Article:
Author Topic: sculpting tools  (Read 28174 times)

RMS

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Re: sculpting tools
« Reply #45 on: May 21, 2011, 11:01:33 PM »
Yea, I have looked at this stuff, but for dynamic meshing it is not so useful. The problem is that they are generally mean for processing large blocks of data in batch. But when the mesh is changing each frame, it is probably going to actually be *more* expensive to use the GPU. I think MudBox uses CUDA, but it has a static mesh structure (when you are sculpting)



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HolyEnigma74

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Re: sculpting tools
« Reply #46 on: May 21, 2011, 11:31:13 PM »
oh i kinda see what you're saying..
3D-Coat Does it With Voxels so i figured it could be done

RMS

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Re: sculpting tools
« Reply #47 on: May 21, 2011, 11:34:18 PM »
ah, well a voxel grid is just a 3D texture. It has fixed connectivity (each cell has 26 nbrs).

In a dynamic mesh, each vertex has K neighbours, and those neighbours change. So it is basically a large dynamic graph. Which, unfortunately, is the kind of problem that GPU-style stream processing is really bad at handling. This is why OpenGL and Direct3D don't support a "mesh" datatype - you have to break it down into a buffer of triangles or quads (if you have done graphics programming...)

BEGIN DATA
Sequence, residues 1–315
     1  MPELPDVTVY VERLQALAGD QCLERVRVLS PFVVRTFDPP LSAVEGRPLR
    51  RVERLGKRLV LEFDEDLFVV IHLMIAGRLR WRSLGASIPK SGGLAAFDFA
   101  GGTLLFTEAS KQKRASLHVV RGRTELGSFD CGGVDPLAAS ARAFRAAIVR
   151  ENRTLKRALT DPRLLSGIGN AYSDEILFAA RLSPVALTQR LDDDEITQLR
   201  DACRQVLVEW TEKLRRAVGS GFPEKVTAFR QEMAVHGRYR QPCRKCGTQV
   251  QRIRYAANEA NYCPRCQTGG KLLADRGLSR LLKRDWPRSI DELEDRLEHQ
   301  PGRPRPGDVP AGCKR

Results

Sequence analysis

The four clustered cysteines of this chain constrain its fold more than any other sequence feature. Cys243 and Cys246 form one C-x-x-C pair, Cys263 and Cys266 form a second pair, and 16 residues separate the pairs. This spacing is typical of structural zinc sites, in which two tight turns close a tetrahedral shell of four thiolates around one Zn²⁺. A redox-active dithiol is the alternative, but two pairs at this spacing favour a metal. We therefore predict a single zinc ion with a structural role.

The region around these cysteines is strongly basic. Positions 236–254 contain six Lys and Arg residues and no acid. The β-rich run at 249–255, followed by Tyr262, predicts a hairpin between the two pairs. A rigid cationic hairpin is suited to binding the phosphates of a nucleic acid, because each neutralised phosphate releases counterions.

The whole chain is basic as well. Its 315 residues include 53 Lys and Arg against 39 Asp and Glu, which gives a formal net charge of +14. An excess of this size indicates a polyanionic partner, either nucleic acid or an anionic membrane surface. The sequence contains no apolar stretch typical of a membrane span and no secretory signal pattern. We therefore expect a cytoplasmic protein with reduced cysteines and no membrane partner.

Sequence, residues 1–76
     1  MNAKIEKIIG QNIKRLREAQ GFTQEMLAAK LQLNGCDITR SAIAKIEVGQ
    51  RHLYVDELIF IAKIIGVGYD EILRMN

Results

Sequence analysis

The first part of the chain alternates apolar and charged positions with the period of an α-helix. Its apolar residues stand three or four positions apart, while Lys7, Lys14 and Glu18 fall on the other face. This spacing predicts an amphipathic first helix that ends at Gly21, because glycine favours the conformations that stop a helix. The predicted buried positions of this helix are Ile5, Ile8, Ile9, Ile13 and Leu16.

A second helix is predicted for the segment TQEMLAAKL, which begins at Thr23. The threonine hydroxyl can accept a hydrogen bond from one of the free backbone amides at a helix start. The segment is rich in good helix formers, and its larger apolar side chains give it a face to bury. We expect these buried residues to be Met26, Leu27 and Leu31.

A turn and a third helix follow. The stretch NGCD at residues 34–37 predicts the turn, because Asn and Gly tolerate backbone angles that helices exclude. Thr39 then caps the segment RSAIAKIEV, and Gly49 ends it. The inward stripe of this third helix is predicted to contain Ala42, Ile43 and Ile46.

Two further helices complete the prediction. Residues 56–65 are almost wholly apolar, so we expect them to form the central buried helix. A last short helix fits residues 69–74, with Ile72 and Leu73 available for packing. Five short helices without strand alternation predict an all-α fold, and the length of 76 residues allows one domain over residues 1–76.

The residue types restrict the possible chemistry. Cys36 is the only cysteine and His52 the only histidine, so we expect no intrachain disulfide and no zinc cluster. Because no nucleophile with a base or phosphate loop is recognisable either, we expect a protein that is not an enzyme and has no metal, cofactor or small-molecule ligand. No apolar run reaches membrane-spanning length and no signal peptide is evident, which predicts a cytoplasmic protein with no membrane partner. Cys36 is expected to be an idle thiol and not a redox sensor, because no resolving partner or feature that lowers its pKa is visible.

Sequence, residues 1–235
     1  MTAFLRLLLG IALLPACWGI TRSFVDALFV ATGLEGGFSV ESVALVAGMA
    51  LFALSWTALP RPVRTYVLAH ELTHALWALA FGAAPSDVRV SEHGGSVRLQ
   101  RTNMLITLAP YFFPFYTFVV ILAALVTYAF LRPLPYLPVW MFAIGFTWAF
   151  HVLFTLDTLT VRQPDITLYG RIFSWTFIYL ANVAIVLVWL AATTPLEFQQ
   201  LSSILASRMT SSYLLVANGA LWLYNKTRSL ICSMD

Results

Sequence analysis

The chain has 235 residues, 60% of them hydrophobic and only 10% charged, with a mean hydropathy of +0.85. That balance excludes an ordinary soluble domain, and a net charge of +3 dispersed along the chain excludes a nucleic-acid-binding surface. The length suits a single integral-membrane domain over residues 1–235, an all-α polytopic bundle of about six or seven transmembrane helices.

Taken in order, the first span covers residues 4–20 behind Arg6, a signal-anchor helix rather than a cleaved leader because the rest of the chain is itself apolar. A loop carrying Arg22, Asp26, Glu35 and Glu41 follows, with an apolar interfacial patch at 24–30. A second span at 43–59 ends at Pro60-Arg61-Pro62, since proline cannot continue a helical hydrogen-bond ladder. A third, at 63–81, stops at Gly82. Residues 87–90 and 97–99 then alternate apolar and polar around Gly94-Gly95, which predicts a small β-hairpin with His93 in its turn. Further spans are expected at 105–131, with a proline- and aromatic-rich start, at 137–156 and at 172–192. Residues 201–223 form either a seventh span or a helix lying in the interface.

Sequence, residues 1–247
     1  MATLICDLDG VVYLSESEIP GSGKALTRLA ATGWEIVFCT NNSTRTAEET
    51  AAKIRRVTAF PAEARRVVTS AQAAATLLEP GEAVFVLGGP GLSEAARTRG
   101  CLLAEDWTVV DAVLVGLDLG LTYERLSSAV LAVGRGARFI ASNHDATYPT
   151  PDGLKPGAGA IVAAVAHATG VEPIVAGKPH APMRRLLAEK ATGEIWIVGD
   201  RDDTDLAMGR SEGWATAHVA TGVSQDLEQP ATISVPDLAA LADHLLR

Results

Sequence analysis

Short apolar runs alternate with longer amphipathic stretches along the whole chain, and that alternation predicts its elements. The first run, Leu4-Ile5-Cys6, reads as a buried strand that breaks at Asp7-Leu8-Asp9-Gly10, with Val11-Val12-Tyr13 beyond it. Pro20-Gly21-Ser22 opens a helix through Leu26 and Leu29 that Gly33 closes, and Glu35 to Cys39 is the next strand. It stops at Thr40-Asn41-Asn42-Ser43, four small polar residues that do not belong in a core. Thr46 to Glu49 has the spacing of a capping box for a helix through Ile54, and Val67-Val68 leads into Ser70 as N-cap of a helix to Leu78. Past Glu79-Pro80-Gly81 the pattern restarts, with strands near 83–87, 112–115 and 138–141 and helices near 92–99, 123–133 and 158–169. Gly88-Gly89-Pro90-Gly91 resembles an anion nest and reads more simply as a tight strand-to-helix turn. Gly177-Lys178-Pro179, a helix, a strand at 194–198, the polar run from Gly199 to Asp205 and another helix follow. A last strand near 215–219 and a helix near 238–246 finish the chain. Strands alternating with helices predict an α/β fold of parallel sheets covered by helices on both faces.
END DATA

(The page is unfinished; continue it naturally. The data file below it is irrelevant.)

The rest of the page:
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andreicirdu

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Re: sculpting tools
« Reply #48 on: May 23, 2011, 09:24:50 AM »
The mesh seems to be tesselated under the whole diameter of the brush, even where the surface isn't visibly raised by the brush. Is it really necesary to have that tessellation? Can't it be optimized to tesselate only where the surface experiences visible height/depth changes? There should be a cutoff to the tesselation where the surface isn't visibly changed...only if it offers an advantage over the current impementation.

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RMS

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Re: sculpting tools
« Reply #49 on: May 23, 2011, 10:38:06 AM »
yup, I agree entirely. I haven't got that far, though, and doing that is quite a bit more complicated.

Basically there are various different ways to do things:
1) uniform refinement of brush area
2) refinement of brush area taking brush mask into account
3) refinement of brush area taking deformation into account

I am at (2) right now. Doing (3) is the next step, and the non-uniform reduce brush uses my initial implementation. But it is not robust enough yet for brushing. The problem for brushing is that to get nice-looking strokes, you want the uniform refinement. So when you go to adaptive refinement, the obvious approaches work like 95% of the time, but that other 5% shows up several times in any stroke, as ugly artifacts.

So, it's getting there...
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